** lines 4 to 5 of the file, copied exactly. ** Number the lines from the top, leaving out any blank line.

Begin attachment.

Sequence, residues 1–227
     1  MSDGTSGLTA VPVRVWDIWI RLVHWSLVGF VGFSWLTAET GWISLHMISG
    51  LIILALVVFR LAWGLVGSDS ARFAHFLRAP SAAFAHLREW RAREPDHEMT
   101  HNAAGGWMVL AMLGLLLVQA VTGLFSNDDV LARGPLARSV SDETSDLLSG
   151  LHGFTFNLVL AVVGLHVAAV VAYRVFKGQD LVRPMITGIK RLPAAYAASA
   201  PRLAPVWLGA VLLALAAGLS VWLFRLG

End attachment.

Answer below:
   101  HNAAGGWMVL AMLGLLLVQA VTGLFSNDDV LARGPLARSV SDETSDLLSG
   151  LHGFTFNLVL AVVGLHVAAV VAYRVFKGQD LVRPMITGIK RLPAAYAASA